During the twentieth century in the United States, Bernadine Patricia Healy was a cardiologist who served as the first female director of the National Institutes of Health or NIH and the president of both the American Heart Association and the American Red Cross. Healy conducted research on the different manifestations of heart attacks in women compared to men. At the time, many physicians underdiagnosed and mistreated coronary heart disease in women. Healy's research illustrated how coronary heart disease affected women. Healy was also the deputy science advisor to the United States president Ronald Reagan, and during her time at the NIH, she founded the Women's Health Initiative. That initiative was a $625 million research study that aimed to determine how hormones affected diseases specific to postmenopausal women. Through her research and leadership positions, Healy helped improve women's healthcare in the US and helped expand the resources available for research into women's health.

During 1964, David Hubel and Torsten Wiesel studied the short and long term effects of depriving kittens of vision in one eye. In their experiments, Wiesel and Hubel used kittens as models for human children. Hubel and Wiesel researched whether the impairment of vision in one eye could be repaired or not and whether such impairments would impact vision later on in life. The researchers sewed one eye of a kitten shut for varying periods of time. They found that when vision impairments occurred to the kittens right after birth, their vision was significantly affected later on in life, as the cells that were responsible for processing visual information redistributed to favor the unimpaired eye. Hubel and Wiesel worked together for over twenty years and received the 1981 Nobel Prize for Physiology or Medicine for their research on the critical period for mammalian visual system development. Hubel and Wiesel’s experiments with kittens showed that there is a critical period during which the visual system develops in mammals, and it also showed that any impairment of that system during that time will affect the lifelong vision of a mammal.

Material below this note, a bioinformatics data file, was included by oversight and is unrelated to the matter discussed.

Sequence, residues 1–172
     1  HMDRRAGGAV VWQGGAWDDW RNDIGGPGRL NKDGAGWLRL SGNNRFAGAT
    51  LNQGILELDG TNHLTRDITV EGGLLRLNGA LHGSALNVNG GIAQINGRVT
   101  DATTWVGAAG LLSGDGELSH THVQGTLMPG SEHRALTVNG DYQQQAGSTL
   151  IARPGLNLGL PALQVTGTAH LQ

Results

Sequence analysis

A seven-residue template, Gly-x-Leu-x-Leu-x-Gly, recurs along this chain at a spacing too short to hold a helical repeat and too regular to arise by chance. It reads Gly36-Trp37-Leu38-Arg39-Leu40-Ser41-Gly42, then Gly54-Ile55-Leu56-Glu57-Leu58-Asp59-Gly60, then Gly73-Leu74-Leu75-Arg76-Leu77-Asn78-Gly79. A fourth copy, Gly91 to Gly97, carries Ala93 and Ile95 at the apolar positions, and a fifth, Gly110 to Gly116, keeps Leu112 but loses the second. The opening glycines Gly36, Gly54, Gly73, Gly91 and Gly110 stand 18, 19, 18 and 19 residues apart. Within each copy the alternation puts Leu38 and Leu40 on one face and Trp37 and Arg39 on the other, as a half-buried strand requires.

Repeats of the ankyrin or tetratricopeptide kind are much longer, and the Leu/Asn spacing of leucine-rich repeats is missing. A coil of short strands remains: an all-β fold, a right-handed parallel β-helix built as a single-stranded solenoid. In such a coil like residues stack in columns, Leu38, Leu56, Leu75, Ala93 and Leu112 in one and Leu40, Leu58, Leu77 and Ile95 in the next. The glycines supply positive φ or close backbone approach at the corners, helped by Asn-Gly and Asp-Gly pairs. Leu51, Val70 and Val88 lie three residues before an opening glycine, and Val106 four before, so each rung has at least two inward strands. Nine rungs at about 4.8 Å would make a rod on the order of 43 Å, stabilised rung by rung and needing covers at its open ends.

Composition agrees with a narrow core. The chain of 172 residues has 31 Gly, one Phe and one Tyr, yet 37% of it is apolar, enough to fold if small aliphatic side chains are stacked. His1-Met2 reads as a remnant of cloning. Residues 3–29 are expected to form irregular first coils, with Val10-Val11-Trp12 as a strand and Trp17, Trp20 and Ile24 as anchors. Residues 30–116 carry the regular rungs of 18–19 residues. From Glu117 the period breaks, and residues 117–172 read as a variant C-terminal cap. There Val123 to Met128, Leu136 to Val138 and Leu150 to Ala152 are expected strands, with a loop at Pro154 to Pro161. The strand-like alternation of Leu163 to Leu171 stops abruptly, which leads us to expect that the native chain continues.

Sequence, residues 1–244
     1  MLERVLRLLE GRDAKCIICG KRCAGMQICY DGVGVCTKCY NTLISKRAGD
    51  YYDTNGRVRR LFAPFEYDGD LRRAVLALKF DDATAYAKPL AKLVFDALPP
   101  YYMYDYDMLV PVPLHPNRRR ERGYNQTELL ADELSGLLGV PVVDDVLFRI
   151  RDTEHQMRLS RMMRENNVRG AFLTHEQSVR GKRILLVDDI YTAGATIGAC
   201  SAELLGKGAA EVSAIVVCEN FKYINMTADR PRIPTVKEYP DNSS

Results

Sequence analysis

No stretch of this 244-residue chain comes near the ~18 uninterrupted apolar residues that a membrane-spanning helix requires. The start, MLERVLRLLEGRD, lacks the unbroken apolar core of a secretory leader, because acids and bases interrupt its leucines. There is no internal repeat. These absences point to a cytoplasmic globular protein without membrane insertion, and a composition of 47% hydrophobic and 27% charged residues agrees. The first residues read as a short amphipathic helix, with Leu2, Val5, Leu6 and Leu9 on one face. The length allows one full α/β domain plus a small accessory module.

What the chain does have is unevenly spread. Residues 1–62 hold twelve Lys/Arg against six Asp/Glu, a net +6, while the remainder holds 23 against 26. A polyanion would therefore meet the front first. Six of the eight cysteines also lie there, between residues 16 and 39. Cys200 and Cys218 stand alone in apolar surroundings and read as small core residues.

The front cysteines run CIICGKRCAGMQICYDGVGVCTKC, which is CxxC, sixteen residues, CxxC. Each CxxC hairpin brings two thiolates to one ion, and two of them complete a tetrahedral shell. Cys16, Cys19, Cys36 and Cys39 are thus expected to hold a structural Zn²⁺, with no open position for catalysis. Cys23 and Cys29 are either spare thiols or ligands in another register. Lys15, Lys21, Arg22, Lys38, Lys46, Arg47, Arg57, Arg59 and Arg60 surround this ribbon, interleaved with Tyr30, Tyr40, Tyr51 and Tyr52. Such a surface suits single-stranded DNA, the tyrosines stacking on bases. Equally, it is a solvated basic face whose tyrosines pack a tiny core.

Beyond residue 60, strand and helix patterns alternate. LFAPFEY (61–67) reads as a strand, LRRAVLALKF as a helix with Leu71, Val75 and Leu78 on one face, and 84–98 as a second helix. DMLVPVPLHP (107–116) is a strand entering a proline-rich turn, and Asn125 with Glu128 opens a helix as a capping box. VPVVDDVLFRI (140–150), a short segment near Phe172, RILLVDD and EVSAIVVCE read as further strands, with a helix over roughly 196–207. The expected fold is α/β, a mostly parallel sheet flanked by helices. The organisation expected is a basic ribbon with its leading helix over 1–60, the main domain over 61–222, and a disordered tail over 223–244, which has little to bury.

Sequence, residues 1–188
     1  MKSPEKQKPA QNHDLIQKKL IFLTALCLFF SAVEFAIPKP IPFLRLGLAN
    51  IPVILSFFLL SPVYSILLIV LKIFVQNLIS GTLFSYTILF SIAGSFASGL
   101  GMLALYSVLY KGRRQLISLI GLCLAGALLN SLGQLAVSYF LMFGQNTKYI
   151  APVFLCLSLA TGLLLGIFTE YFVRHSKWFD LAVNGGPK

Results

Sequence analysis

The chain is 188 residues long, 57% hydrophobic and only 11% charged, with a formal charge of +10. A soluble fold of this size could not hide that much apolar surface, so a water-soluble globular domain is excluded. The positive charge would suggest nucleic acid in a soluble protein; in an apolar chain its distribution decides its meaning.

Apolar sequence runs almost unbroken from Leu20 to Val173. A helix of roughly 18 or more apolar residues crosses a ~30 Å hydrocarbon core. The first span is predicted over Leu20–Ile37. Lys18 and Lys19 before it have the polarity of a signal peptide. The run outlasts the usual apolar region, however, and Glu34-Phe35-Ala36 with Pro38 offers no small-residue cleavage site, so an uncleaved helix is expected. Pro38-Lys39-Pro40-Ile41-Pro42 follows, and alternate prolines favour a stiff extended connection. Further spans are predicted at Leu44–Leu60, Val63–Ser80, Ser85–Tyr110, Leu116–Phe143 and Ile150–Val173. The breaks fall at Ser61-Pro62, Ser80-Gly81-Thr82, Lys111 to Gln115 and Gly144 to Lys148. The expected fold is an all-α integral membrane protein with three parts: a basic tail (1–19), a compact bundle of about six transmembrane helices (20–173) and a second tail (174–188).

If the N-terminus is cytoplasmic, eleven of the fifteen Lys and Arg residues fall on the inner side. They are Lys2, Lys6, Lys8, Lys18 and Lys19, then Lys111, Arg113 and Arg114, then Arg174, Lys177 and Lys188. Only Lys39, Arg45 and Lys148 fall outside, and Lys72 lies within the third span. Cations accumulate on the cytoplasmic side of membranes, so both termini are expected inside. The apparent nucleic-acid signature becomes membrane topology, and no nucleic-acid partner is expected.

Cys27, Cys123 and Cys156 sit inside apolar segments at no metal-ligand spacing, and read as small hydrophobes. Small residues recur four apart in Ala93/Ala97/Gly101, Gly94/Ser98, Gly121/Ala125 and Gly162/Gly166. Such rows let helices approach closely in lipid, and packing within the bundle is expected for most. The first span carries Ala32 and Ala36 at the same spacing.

David Hunter Hubel studied the development of the visual system and how the brain processes visual information in the US during the twentieth century. He performed multiple experiments with kittens in which he sewed kitten’s eyes shut for varying periods of time and monitored their vision after reopening them. Hubel, along with colleague Torsten Wiesel, received the 1981 Nobel Prize in Physiology or Medicine for that research. By using kittens as models for human children and sewn eyes as models for congenital vision disorders, Hubel’s research demonstrated how vision impairments can affect the development of the visual system in humans. Furthermore, Hubel’s research has informed surgeons about the importance of operating on infants with vision impairments during the first months of life to prevent deterioration of the visual cortex of the brain and permanent vision loss.